It should be apparent how alienating this decision is to people of other races. That’s not to say it’s wrong. The singular nature of race means that no matter which one is chosen, the rest are then excluded. The mistake is in thinking that these choices somehow become an essential part of the character. With each attribute that is added to the “core essence”, the group of people who identify with the character becomes smaller, but the degree of identification becomes stronger, and therein lies one of the key reasons why some people insist characters can only be a certain way. Taken to its logical conclusion, this also flips our earlier question on its head, turning it from “who wants to be that character?” into “who does the character want to be?”

That’s why diversity in representation is needed, so that everybody gets a chance to see themselves portrayed in print or on screen, which will grow the market rather than shrink it.

Hopefully all this gives us some guidance as to whether changes to a character are justified: let’s take a look at the cases mentioned at the beginning of this essay:

  • Black Hermione: does the character’s race have any plot implications whatsoever? Nope. Next!
  • Female Doctor Who: this is an interesting one. The Doctor isn’t actually an everyman – that’s the role of the companion. The character serves as a lens for us to observe the human condition. Given the topicality of gender roles, it is entirely appropriate because the character is nothing more than a plot device in spite of being eponymous (kinda like Zelda in The Legend of Zelda videogames).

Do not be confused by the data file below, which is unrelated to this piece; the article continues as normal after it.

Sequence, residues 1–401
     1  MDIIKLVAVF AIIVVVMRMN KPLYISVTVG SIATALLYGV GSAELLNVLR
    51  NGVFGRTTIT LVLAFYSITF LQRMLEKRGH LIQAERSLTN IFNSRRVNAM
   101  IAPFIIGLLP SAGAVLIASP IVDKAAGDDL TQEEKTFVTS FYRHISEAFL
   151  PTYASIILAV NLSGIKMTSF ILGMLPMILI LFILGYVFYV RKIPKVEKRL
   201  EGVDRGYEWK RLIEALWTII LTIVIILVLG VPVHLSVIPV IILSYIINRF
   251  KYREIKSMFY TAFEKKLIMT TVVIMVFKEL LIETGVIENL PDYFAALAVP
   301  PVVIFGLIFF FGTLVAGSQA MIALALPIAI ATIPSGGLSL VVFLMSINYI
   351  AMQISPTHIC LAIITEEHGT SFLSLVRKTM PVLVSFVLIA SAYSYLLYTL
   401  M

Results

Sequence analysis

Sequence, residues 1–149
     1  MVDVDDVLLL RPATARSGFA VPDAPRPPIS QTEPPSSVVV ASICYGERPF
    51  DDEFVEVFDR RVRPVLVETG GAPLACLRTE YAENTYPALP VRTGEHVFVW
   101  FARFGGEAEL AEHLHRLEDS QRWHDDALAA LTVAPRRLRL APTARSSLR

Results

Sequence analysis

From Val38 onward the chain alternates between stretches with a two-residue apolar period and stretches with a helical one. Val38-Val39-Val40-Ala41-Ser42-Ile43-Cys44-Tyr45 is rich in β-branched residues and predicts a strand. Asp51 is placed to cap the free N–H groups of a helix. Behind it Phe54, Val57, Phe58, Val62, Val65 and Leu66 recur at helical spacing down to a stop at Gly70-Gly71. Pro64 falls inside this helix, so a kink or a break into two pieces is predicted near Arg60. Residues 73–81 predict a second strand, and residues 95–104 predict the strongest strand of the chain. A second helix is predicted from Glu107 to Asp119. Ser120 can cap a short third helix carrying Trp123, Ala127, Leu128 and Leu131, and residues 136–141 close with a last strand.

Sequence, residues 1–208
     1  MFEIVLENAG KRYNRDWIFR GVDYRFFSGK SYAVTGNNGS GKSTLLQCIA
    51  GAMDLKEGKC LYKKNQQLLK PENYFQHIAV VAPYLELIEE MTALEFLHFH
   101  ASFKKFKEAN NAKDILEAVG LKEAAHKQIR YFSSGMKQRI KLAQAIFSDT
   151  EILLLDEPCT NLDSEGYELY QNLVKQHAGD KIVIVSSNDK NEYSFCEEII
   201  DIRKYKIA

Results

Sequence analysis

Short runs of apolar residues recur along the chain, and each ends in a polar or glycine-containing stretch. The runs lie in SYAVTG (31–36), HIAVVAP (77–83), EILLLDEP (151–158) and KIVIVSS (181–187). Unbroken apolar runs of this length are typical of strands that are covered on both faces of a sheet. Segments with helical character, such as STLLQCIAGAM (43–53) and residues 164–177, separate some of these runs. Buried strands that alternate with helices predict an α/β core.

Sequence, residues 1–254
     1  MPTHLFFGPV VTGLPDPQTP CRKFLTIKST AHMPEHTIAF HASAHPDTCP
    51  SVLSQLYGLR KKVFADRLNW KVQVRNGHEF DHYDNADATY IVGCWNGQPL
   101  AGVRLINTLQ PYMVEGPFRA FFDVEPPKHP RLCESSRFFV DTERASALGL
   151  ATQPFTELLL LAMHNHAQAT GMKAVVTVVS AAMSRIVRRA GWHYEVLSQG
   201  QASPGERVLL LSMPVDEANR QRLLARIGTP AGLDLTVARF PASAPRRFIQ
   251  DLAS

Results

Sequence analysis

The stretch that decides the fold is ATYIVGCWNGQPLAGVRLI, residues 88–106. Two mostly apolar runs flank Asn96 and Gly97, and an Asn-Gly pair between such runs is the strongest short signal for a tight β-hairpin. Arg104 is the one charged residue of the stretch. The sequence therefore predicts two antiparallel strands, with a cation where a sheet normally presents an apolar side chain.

• Female James Bond: this is an example of “limited appeal”. Bond was specifically concocted as a suave, sophisticated alpha-male archetype that men wanted to be, and women wanted to be with (back in those sexist, misogynist days). Given Bond’s anachronisms, he should be retired, not replaced. So that’s a firm “no”.

Do you agree?


[1] It should be noted that international earnings are starting to exceed US domestic earnings, putting paid to this theory; see: Why U.S. Audiences Matter Less To Film Box Office Success

Good golly, Miss Polly!

Good golly, Miss Polly! What a state you is in!
Giddy and reeling, your head in a spin.
Did dapper John Capper flash you his grin?
Or frisky Tom Whisky splash you with gin!

Good golly, Miss Polly! Why you is so mad?
Did you get flicked again, by another young lad?
Was it William Golightly? He always was bad.
He don’t truly love you, I think you is been had.

Good golly, Miss Polly! You been out all night?
Prancing round town trying to find Mister Right.
I tells you, my dear, would you heed my advice?
They’ll cheat soon as look at you, then pretend it’s alright.

Good golly, Miss Polly! Come rest your tired head.
Lay down your burdens, right here on my bed.
Don’t never listen to what anyone said.
I love you Miss Polly, until I am dead.